The Up! series is easily the most ambitious documentary project still going on. Michael Apted (who has directed some really mediocre James Bond movies) points his camera at fourteen subjects who live in multiple parts of England every seven years. He asks them pointed questions about what is happening around them and get to know their current situation. This has been going on since the mid sixties when these fourteen young kids were only seven years old. Apted frames these kids (who evolve into adults eventually) as representative of their generation. So over the next couple of weeks, I will cover each entry up to 56 up, the latest entry in the iconic documentary series, and ask if these movies really show a glimpse into the evolving politics of England or not.
Seven Up! is where it all started. This film was not actually directed by Michael Apted. It was a short film intended to show the quirky aspects of a seven-year old. Apted worked as a researcher on the project and handpicked several of the subjects in the film. The selection of the subjects is a little uneven. There are two children that are at a charity boarding house and school (both of their parents are alive, they are just steeped in poverty so they can’t provide a good home for them), one child who is still pretty poor but lives with his parents, one boy who lives in the country, three young girls who would be considered middle class, two boys who are also considered middle class, three boys who are upper class and are in private schools and one girl who is upper class and goes to boarding school. There aren’t a lot of kids from the middle section, because even the girls are on the poor side. Also most of them are from metropolitan areas and there is only one boy that represents rural life.Each child is interviewed and asked about their future. What they want to be when they grow up, if they will have a family, what their daily routine is and what they do for fun all produce interesting answers but little else. For instance the three boys from the upper class talk about how they all read The Financial Times because they have stocks. These little boys sit in full suits talking about how they read newspapers in order to see if they made money or not is really silly.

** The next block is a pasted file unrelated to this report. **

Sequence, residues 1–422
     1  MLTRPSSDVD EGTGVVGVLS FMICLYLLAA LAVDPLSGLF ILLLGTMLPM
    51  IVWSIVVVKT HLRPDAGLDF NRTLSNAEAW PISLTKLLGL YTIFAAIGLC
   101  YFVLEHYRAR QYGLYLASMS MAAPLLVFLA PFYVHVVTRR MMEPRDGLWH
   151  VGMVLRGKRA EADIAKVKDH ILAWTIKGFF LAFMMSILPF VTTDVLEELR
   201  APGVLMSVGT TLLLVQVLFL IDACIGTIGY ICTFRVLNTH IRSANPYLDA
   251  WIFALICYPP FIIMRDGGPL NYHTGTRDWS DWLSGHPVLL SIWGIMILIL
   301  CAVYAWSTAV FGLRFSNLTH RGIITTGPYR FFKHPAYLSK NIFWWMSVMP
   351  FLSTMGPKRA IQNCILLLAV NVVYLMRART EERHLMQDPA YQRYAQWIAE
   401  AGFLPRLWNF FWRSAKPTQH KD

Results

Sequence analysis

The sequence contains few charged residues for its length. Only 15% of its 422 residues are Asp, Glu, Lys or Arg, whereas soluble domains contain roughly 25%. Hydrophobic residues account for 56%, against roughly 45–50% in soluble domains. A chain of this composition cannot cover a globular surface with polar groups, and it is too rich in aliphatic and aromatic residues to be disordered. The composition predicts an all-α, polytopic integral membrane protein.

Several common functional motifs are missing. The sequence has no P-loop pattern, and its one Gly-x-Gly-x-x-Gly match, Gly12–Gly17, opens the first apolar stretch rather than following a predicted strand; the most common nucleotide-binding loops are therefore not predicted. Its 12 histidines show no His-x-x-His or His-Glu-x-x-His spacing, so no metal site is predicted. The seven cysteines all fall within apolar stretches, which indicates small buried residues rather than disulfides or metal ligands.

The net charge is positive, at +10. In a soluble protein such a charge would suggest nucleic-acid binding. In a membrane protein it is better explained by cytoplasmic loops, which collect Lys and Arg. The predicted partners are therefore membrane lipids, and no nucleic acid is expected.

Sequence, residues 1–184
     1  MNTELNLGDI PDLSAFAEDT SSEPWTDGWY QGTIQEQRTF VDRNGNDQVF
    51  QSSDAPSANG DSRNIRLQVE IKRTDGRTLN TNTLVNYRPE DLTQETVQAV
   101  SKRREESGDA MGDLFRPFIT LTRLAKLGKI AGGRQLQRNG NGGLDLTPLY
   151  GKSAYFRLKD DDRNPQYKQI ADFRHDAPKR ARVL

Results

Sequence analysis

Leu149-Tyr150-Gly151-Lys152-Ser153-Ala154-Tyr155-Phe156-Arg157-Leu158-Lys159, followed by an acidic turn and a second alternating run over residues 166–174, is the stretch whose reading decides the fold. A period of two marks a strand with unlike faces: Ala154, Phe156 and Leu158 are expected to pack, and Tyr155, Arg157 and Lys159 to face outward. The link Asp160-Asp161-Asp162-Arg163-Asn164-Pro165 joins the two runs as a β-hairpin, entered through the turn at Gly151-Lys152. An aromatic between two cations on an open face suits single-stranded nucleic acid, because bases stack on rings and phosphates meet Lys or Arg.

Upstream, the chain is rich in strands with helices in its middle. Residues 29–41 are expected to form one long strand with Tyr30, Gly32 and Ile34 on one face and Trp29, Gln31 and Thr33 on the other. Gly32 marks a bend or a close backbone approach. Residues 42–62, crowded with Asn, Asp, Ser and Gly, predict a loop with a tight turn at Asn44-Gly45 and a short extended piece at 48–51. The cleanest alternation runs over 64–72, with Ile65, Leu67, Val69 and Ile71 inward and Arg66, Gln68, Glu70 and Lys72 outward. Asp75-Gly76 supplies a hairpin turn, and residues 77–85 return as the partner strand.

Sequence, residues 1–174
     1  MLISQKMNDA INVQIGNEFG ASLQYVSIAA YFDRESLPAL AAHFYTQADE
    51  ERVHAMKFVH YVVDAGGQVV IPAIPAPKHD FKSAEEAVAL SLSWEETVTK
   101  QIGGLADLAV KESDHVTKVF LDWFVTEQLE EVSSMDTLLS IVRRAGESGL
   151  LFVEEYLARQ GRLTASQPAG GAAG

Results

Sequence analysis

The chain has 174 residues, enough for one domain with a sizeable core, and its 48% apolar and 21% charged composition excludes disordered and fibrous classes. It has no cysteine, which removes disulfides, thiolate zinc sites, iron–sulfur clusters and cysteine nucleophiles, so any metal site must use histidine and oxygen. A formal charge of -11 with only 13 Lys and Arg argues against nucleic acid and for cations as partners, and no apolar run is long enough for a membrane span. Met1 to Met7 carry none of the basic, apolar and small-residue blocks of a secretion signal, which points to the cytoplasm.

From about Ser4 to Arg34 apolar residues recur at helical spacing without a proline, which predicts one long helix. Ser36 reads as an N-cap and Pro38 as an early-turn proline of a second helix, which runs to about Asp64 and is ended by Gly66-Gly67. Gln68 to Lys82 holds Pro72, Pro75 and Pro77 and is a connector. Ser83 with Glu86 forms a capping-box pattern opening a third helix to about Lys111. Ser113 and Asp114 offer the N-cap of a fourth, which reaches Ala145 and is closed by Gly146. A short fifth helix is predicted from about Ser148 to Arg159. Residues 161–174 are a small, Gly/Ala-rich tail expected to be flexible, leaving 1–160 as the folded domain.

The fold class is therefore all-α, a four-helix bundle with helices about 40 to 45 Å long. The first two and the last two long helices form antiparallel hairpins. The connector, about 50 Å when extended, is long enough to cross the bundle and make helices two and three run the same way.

Throughout the film a line is repeated a couple of times and acts as the theme of this short: “Give me a child until he is seven years old, and I will give you a man.” The film posits that these subjects already have their basic character attributes and flaws that they will have for the rest of their lives. The boy they nicknamed monkey will always be one of those people who are rough and tumble (as exhibited by the fact we are introduced to him when he is running towards the camera and face plants right onto the ground, only to get right back up and keep running. It is very cute…) or the posh boy who reads the Financial Times and the Observer will always be a posh young man. It seems ridiculous to think about, but maybe it is true. I guess we will see.
It is hard to truly know this early on if these young children are representative of a changing England. They certainly exhibit certain aspects of everyday children that are present in even the United States. They like to joke around, act older than they are and be sweet little things. But to say they represent England is a little too much for me to say at this point.